In addition to urine testing, the test would offer a new degree of assurance.
The US Department of Transportation (DOT) published a proposed regulation on Feb. 28 to introduce oral fluid testing as an alternative to urine testing for the federally controlled drug and alcohol testing program. If completed, the increased flexibility will put the trucking sector in a better position to combat cheating and enhance driver safety.
Oral fluid testing, according to the US Department of Health and Human Services (HHS), has the same scientific and forensic validity as urine testing. In reality, since 2020, government personnel have depended on oral fluid testing as a substitute.
Most urine test samples are not immediately witnessed to safeguard an individual’s right to bodily privacy, making it simpler to cheat through adulteration or replacement. Oral fluid collection, on the other hand, may be freely watched without infringing on privacy, lowering the chances of cheating. Cheating on drug and alcohol tests is extremely harmful in the trucking sector; an inebriated driver operating a heavy-duty vehicle puts everyone on the road at risk.
If the plan is implemented, and a motorist is suspected of being impaired, the driver might be subjected to oral fluid testing at the site of the accident, which would improve accuracy and establish culpability. Oral fluid tests may detect marijuana, the most often discovered drug in truck drivers, instantly and up to 24 hours after usage, making them a useful tool for post-accident and traffic stop investigations.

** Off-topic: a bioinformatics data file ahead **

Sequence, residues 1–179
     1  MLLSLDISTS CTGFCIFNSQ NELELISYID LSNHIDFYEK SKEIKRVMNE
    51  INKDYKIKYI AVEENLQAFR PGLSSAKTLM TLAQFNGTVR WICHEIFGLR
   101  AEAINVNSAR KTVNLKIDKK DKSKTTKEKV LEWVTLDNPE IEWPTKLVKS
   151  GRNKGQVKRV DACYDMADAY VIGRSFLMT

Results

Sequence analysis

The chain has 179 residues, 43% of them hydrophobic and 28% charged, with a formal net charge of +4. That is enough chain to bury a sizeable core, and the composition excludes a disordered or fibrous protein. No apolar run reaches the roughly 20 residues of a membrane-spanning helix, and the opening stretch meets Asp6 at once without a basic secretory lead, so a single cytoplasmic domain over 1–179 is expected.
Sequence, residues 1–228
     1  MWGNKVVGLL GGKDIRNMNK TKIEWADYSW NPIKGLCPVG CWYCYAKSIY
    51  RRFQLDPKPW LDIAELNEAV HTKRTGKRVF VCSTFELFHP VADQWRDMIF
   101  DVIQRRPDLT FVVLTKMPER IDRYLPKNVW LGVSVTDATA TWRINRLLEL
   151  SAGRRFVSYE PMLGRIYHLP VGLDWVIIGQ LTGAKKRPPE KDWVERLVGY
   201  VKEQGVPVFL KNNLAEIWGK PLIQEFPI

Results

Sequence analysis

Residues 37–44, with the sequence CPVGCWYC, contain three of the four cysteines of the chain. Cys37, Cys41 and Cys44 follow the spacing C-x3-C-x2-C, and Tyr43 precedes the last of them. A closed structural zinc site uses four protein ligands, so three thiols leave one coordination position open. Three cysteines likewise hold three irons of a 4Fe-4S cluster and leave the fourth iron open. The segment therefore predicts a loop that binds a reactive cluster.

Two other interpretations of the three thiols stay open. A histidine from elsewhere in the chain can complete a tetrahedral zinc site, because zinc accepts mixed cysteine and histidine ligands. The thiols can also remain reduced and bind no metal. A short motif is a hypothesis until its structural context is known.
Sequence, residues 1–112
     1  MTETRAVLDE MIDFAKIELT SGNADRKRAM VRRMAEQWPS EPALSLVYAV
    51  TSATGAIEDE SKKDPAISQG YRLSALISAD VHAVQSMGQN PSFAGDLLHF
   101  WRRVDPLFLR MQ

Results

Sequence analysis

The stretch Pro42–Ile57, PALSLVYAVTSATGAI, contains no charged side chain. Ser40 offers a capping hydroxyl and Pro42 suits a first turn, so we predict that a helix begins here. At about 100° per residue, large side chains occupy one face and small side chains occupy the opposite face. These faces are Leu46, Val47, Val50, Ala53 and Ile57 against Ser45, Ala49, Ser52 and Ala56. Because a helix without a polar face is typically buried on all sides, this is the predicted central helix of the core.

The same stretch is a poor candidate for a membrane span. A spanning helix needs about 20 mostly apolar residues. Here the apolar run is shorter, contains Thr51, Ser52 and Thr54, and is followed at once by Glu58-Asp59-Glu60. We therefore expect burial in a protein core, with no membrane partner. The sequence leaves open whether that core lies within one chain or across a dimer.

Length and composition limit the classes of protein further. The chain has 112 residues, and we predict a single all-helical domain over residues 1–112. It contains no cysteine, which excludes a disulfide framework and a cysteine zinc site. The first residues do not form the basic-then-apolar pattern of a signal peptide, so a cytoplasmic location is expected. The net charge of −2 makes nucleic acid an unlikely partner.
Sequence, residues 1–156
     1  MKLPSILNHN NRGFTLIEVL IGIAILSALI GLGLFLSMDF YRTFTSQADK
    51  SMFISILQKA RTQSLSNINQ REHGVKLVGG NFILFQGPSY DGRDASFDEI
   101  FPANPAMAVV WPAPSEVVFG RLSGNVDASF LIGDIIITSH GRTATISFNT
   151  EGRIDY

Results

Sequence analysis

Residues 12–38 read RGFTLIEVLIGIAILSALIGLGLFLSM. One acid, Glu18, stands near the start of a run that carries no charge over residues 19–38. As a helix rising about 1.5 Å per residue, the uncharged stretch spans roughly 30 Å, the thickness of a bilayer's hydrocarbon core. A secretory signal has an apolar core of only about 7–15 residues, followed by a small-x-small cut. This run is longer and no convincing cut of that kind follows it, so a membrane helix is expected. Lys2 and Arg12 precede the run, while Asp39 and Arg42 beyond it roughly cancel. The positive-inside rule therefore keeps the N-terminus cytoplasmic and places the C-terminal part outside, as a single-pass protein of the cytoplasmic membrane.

Oral fluid testing is beneficial not only to the health-conscious but also to the budget-conscious. Oral fluid tests are generally $10 to $20 less expensive than urine testing, according to the DOT. Motor carriers are mandated to drug test every new driver throughout the onboarding process, as well as 50% of their drivers each year, thus the savings would be considerable.
While oral fluid testing will undoubtedly be welcomed by businesses, it begs the question: why not hair testing? Hair testing is the most accurate and noninvasive of the three options for keeping drug users out of the driver’s seat. Hair testing criteria were imposed by Congress in 2015. When the recommendations were released in 2020, hair testing proponents blasted them for being redundant because they required another sample, such as oral fluid or urine, to validate results.
The trucking sector should continue to encourage the DOT to include hair testing without needing a second sample type in order to increase safety without losing efficiency. However, it appears that businesses and the Department of Transportation have already agreed on the benefits of oral fluid testing. Oral fluid testing, as an alternative to urine testing, will eliminate cheating, lower expenses, and increase flexibility. Trucking, as a sector that is always striving for enhanced safety, should embrace this move toward more extensive and accurate drug and alcohol testing alternatives.